Our family is undergoing changes.  Some of them are less dramatic than others.  We are starting to look, in earnest, for a house to buy…or, at least, for the type of house in the type of neighborhood we’d want to settle in for the next fifteen years or so.  We are hoping TGG moves out soon; this might be a tricky thing to achieve because he is not really concentrating on school as he should (he is “in love”,) and he makes barely enough money to pay for the things that are obligations.  We, the parents, feel the effects of aging…the creaking, cracking, impatience, etc.  Acid reflux has become “a thing” around these parts, and we see it getting worse before it gets better.  That J is almost out of school is the biggest change of them all; that he will be out of school and med-free is an even bigger change.

I confess to you, as I have to Dada, that I am not torn about TGG finally moving out.  I am really looking forward to it, in fact.  That is as close as I will ever get to having an empty nest, and it’s taking very long in getting here.  TGG, at this point, needs to go off on his own, and learn from his mistakes, and I am totally ready to close the door and wave bye-bye.  It may sound mean of me, but sometimes we don’t let our kids grow up because we are there to fix things.

My situation with J is the absolute opposite, and yet it’s the same.  While I am anxious about the prospect of no school forever, I am also looking forward to seeing where we go from here.  In a lot of ways, I feel more confident about J hitting his stride and maturing more smoothly than TGG has.  Maybe, just maybe, we’ve always pushed J more because J has more hurdles to overcome, and TGG doesn’t see that we’ve been exceedingly nice and patient with him…and takes advantage of it.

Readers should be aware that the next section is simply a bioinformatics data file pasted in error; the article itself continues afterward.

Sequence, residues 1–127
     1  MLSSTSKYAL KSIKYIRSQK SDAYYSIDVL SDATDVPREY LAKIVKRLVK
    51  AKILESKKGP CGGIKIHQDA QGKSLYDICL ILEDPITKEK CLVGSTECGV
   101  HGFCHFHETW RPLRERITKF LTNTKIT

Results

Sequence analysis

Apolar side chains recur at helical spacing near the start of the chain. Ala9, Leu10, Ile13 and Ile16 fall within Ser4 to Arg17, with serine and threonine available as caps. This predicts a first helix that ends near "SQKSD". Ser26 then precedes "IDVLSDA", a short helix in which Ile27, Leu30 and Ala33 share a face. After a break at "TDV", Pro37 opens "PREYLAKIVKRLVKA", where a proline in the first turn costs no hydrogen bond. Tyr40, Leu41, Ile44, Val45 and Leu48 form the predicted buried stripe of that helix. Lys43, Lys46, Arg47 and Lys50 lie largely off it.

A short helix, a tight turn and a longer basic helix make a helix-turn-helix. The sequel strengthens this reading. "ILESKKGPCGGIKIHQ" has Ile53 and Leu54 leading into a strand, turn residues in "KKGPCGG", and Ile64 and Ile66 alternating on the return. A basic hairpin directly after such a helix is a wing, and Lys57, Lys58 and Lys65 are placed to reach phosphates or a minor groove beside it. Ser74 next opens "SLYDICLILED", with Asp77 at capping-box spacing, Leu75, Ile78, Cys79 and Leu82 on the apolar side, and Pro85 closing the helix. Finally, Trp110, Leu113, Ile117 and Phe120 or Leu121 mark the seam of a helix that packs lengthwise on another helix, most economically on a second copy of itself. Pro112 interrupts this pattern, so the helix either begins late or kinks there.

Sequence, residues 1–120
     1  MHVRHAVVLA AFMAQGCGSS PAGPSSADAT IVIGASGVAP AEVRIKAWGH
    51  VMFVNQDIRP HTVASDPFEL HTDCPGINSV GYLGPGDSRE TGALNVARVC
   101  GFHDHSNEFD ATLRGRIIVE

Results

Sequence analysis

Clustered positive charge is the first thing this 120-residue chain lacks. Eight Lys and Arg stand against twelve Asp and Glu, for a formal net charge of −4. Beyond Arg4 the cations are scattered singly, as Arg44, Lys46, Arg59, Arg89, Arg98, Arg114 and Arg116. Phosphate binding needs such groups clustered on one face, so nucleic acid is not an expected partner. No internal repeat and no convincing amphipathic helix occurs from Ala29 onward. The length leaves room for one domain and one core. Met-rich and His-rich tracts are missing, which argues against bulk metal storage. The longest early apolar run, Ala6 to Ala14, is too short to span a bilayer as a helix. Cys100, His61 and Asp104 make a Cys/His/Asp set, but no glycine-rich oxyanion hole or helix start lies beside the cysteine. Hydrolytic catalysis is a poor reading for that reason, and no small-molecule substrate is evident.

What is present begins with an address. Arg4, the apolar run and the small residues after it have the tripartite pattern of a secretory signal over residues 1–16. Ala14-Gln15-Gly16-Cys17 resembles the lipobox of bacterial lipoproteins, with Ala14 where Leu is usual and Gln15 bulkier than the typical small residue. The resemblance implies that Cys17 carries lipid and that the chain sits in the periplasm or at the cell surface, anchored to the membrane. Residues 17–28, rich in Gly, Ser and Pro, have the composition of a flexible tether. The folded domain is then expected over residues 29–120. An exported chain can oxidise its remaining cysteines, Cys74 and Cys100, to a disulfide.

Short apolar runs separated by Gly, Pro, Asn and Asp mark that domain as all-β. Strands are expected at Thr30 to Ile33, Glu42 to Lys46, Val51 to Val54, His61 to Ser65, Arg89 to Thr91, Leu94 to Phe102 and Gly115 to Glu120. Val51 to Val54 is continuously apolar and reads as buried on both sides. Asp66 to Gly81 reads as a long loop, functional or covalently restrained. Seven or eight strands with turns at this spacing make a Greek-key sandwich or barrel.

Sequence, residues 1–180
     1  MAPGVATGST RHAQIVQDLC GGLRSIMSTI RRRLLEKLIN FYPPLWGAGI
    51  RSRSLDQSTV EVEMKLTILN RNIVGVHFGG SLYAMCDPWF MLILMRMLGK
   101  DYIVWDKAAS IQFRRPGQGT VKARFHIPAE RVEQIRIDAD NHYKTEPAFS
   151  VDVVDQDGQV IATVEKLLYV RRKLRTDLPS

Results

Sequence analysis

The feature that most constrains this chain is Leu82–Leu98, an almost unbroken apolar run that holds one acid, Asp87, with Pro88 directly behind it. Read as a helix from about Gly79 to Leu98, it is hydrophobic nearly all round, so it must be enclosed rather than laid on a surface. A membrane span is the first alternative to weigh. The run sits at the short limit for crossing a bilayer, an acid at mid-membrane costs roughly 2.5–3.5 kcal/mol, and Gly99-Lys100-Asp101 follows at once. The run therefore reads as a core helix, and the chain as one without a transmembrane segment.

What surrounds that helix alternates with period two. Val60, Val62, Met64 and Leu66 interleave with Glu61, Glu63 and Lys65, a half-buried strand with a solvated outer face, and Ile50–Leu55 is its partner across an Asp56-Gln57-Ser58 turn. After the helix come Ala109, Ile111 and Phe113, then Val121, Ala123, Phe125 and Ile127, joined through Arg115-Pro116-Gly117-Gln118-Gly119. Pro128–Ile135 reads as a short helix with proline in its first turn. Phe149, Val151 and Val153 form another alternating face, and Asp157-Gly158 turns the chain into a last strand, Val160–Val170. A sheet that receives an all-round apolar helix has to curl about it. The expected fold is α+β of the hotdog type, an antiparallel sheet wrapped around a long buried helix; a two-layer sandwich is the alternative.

But I’m not here to gripe about TGG.  I’m here to tell you that we are doing fine, and that we are moving forward.  I promise (or threaten?) to not stay gone as long as I have recently.  It’s just life, you know, and acid reflux…and 24 year-olds who don’t quite “get” why their parents are impatient with the choices being made.

But I’m here…it’s all goodish.  You’ll see…

I have a lo-vely bunch of band-aids

For the past two months we have been contributing amply to Johnson & Johnson’s bottom line.  J will buy bandages from generic brands, but his first choice will always be Johnson & Johnson.  I’m telling you this because it is a far better indicator of Johnson & Johnson’s steady performance than any broker could give you.